2. Sonny Bill Williams
Sonny Bill Williams seems clueless as to the impact on others of his walkout to France. It's all about what was happening for him. He has since signed with the 'Canterbury Crusaders' and has made his rugby union debut with the All Blacks ahead of a World Cup year.
Somehow I think previous generations would be more careful in their comments about a possible return to rugby league after the Rugby World Cup. What picture does that paint?
It's more than the impact of professional sport and the fact that clubs would cut you at will so why show loyalty in reverse. Does it cheapen the national jersey of any team if you can chop and change or does it speak of an exceptional sportsperson who can chop and change and make both squads, SBW also enjoys the diversion of boxing.

3. Michael Clarke
Michael or 'pup' achieved selection in cricket at a young age and some said by reputation before results. He was trumpeted as a western suburbs success story but quickly adapted to eastern suburbs socialising, fast cars and a model girlfriend... Kerry O'Keefe tells a great joke about all this involving Michael Clarke asking him if he thinks his sporting success has 'changed him' at all...
The media seems to have the finger on the pulse in identifying that the public per se don't seem to 'warm' to Michael Clarke [he gets a mixture of cheers and boos when taking the field] and his current form slump isn't helping.
But this week the ridiculous claim was that his activity on twitter was distracting him and basically outlining that because he's a 'pretty boy' and not a hard as nails, beer drinking, thug... we don't see him as worthy of our admiration. Again I contend it's more than sporting values being judged... pierced ear, sports car, wine drinker, confident about his ability, talking openly about his expected succession to the Australian cricket captaincy... he may well soon be branded an 'enigma'... but then just in time in the last two 'One Day Internationals' he has demonstrated cricket nouse, skills as a leader and innovative and skilled use of his bowlers and field settings... causing at least a media pause...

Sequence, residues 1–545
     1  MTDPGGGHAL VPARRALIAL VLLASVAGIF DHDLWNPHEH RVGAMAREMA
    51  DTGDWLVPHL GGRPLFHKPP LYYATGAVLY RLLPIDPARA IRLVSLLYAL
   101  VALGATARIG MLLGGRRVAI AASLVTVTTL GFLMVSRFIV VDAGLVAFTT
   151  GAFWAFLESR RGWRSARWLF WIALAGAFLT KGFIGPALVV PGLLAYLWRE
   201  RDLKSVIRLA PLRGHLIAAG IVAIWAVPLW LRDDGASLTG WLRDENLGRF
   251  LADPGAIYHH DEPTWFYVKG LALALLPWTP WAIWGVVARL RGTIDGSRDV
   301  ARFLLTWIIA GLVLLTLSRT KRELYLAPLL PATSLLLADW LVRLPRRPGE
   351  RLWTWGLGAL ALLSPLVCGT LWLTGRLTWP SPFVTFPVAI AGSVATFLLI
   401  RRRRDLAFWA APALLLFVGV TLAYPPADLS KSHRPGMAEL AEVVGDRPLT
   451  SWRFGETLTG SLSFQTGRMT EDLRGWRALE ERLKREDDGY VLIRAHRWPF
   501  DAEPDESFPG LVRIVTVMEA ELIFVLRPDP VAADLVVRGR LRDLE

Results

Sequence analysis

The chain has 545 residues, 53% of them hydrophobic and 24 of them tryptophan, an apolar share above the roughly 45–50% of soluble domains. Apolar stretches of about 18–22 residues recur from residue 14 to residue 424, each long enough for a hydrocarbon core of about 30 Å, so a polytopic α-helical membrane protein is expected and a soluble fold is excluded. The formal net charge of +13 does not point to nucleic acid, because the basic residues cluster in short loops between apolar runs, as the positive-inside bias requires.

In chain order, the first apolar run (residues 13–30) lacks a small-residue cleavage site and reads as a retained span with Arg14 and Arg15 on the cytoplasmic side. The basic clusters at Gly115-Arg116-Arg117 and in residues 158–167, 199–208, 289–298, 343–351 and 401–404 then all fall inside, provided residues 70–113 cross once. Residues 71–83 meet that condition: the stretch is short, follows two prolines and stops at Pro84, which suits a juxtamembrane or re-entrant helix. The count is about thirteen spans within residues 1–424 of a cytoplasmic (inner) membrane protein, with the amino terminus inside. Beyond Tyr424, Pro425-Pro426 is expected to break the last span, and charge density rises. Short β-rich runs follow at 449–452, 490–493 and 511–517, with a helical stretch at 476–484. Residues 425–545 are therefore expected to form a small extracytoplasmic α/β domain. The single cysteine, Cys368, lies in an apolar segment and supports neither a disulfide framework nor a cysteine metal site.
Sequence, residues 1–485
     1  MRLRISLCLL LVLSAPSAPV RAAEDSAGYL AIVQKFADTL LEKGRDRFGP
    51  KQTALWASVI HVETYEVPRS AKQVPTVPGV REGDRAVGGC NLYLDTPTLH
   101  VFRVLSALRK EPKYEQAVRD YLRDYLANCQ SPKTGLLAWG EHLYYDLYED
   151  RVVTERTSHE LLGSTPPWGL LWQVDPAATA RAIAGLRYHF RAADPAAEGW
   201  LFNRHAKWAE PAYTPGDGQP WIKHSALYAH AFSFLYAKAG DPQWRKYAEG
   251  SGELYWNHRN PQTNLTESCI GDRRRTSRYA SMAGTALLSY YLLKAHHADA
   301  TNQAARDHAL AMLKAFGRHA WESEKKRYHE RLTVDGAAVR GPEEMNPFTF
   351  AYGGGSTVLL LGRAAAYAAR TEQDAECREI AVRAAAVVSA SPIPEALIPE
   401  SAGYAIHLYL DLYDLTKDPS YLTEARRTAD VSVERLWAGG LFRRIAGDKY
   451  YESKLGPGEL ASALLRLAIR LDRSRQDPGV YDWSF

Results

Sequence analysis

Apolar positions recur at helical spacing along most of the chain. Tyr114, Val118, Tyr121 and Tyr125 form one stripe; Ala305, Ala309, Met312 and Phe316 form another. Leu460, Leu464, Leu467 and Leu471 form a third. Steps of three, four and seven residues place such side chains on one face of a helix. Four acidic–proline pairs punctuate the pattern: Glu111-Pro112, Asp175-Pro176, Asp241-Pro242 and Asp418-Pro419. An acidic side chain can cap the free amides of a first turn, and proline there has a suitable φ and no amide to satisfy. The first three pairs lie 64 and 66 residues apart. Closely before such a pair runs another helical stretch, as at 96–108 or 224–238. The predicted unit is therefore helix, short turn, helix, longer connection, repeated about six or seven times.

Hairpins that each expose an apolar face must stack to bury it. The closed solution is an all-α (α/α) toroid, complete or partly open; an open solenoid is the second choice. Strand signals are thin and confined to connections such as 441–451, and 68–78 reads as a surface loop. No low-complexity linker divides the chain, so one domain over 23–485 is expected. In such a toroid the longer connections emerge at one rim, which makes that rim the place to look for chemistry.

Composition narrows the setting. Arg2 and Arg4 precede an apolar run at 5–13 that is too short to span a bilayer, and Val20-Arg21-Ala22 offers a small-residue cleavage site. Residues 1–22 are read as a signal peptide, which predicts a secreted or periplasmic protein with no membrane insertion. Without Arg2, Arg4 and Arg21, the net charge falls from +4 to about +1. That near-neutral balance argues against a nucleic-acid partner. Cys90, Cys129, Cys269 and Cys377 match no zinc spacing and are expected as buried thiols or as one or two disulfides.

Now I know they're all Anglo blokes... I'll keep tabs on these and other stories... teasing out whether it's a media thing, a sport thing or a generational thing!!
As a footnote, Cory was the kid a couple of years ago who advertised a party at his parents home while they were away and it and the street were 'trashed' if you believe the media reports. I'm more interested in the interview with Leila Mackinnon on Summer 'A Current Affair' where she was gobsmacked that Cory didn't think he had anything to apologise for, that he wouldn't take off his sunglasses on camera and didn't seem to have anything to say to his parents... while the story had merit the clash of values was most stark and the longer it went the bigger the divide... Cory went on to advertise himself as a party organiser, appeared on 'Big Brother' and just recently did a round of 'he's grown up and settled down stories'...